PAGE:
Published on January 24th, 2015 | by Damien Straker0
Wild – Film Review
Reviewed by Damien Straker on January 24th, 2015
Twentieth Century Fox presents a film by Jean-Marc Vallée
Produced by Bruna Papandrea, Bill Pohlad and Reese Witherspoon
Screenplay by Nick Hornby, based on ‘Wild: From Lost to Found on the Pacific Crest Trail’ by Cheryl Strayed
Starring: Reese Witherspoon and Laura Dern
Cinematography: Yves Bélanger
Edited by John Mac McMurphy and Martin Pensa
Running Time: 115 minutes
Release Date: January 22nd, 2015
Wild is an adaptation of Cheryl Strayed’s memoir about her 1100-mile hike through the Pacific Crest Trail. The film shares metafictional parallels with its star Reese Witherspoon. While promoting the film she discussed her dissatisfaction with recent film roles, specifically the lack of strong female characters, which is timely given the recent discourse surrounding the Oscars’ lack of diversity. Her discontent encouraged her to form her own production company Pacific Standard and develop the films Gone Girl and now Wild, both of which she produced and feature edgy, troubled females at the heart of their stories.
If Strayed’s journey was self-discovery, or finding her best-self as the film describes it, Witherspoon’s own pursuit is similar by distancing herself from the Hollywood studio system and taking ownership of her career by working in the independent circuit. While sometimes labelled America’s sweetheart and working as a comedic actress in lightweight comedies, the best roles of her career are darker, more subversive ones like Freeway (1996) and Alexander Payne’s Election (1999), which deliberately twist her upbeat, bubbly personality. At thirty-eight years old, playing Strayed is arguably her grittiest, most physically taxing role and one of her best, justifying her decision to chase the film rights.
A major advantage working outside the studio system is removing potential glossiness. French-Canadian director Jean-Marc Vallee (Dallas Buyers Club) and his camera crew used one handheld camera and filmed Witherspoon through various parts of Oregon. The effect of a small, intimate shoot is dissolving our comprehension of reality and staged filmmaking. The attention to detail, such as its star’s insistence on not wearing makeup, is strong. The track scenes, including the stumbles, the cuts and bruises and dirty clothes, don’t appear choreographed or preplanned either. There are funny stories that Witherspoon wasn’t allowed to touch the film’s props before a scene, spent real time learning to assemble a tent while being filmed, and carried all the camping tools in her heavy pack nicknamed Monster.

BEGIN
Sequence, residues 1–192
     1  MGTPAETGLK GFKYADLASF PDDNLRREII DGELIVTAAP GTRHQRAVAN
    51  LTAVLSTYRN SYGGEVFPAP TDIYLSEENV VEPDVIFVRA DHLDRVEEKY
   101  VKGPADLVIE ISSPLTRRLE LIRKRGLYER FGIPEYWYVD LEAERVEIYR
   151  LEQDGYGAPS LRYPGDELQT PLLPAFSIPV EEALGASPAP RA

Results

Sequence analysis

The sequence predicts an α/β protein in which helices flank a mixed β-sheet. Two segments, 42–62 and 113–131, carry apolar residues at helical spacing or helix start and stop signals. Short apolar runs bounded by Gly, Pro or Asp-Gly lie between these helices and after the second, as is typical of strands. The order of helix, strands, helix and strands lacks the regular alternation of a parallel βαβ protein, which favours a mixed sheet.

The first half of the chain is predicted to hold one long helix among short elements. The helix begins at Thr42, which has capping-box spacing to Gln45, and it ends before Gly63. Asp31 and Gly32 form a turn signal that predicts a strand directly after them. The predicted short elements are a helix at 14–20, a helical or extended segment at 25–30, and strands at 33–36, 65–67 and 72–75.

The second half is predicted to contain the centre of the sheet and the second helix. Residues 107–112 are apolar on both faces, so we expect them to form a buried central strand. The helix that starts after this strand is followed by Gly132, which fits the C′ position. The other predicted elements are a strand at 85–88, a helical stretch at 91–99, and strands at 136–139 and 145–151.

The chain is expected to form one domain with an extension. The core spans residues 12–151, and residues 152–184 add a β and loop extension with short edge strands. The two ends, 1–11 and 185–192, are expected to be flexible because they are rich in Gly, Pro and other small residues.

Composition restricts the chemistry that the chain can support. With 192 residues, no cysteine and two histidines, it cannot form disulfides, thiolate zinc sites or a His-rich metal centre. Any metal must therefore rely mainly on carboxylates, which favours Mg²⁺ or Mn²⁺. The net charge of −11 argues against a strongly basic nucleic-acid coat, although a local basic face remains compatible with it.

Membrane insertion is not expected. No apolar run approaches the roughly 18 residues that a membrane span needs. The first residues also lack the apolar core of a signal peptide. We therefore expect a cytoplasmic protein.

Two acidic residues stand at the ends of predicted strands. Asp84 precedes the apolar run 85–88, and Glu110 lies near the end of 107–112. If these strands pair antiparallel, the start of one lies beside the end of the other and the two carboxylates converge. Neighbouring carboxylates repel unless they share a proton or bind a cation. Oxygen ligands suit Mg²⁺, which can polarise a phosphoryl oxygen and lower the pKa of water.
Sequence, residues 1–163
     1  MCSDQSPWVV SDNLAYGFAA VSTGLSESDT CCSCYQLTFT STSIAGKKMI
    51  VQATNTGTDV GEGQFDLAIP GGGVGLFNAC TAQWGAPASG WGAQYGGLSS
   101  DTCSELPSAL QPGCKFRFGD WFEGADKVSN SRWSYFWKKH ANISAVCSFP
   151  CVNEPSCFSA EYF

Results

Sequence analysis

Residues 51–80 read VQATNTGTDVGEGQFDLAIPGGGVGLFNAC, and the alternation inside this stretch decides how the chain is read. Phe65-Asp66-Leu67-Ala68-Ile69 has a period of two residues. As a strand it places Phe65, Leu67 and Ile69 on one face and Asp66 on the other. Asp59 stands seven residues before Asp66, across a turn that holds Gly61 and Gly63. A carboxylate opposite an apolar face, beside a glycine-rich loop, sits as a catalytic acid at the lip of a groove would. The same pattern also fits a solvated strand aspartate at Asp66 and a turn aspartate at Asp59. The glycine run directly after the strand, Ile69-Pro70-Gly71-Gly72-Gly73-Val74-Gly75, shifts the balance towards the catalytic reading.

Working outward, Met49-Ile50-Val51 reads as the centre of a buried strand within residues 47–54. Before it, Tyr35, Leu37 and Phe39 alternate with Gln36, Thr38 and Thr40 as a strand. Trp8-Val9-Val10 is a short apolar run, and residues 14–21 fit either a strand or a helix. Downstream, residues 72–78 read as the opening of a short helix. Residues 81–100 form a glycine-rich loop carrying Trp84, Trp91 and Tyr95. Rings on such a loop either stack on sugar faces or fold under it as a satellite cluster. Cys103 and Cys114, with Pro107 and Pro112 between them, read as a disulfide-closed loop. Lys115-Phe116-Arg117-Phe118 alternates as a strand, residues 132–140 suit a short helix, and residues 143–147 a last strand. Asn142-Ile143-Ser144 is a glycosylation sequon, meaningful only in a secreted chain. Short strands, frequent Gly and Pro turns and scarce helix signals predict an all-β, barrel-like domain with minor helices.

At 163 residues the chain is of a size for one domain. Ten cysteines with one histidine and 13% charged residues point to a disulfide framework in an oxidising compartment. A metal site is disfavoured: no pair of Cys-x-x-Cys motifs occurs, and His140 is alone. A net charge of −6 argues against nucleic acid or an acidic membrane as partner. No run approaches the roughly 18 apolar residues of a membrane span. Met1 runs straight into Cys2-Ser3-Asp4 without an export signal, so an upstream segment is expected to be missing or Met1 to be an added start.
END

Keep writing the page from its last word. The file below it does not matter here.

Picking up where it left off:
When Vallee and cinematographer Yves Belanger place the camera on Witherspoon’s face, her eyes silently provide great feeling and expression of her vulnerability and insecurities. Witherspoon copies Strayed’s appearance closely, except Strayed is taller than the film’s diminutive star who is only five-foot-one. While not without humour, her mentally and sometimes physically stripped down performance soars as she embodies her subject and dissolves her trademark quirkiness and comic overtones. Under Vallee the film’s only mistake is failing to nail the pace of the film, which sags heavily in the final quarter.
Apart from a voice over of Cheryl’s self-doubt and fears and quick cuts to splice up scenes, Wild’s trek scenes use minimal stylisation which helps hide the artifice of filmmaking. Resisting recognisable stars outside of Witherspoon and Laura Dern for example makes the locals Cheryl meets seem authentic, as does their naturalistic dialogue. Given the film intersperses its track scenes with flashbacks to Cheryl’s past, the film’s shape is not as minimalist or experimental as All is Lost but nor as consciously artistic or formal as the Australian film Tracks. It falls somewhere in the middle.
Nick Hornby’s (An Education, About a Boy) screenplay predictably dramatises conventional themes like individualism and personal growth but Wild is more interesting as a study of gender and femininity. The film is both a road movie and a collection of dark memories, building a vivid portrait of a personal crisis left behind. The premise of the film is the trek but the plot and depth of character are told through intercutting flashbacks to Cheryl’s relationship with her mother (Dern). Cheryl feels not only distanced from her memory but disappointed and embarrassed by her treatment of her mother and her own promiscuous nature when she cheated on her husband and dabbled with heroin.
The narrative’s most tense scenes depict involve Cheryl’s insecurity around men and as the story unravels we understand with insight these tenuous feelings and discomfort. A night time ride with a truck driver starts as a fearsome encounter of apparent innuendo, another man is condescending by mistaking her for a hobo and she is watched ominously by two persistent creepers. The film is very effective in immersing us inside Cheryl’s headspace and sharing her fearful perceptions of these strangers. It feels unique for a film with a major star to be divorced from either male friendship or a love interest.
In those parts of the film where she feels threatened there’s a sense the film is almost like a fairytale story of a woman travelling through the woods. It’s not a conventional redemption story but one which comes to the conclusion that the mistakes we’ve made are no longer regrets but pivotal for leading us to breakthrough moments. Destruction becomes a form of creation and you must fall before you can walk again. While this sounds like a familiar variation on individualism, the depiction of self-destructive behaviour through sexuality and drugs is mature and uncompromised, which rejuvenates the content. As a new chapter in Reese Witherspoon’s career, Wild is a positive step towards the future.
Summary: As a new chapter in Reese Witherspoon's career, Wild is a positive step towards the future.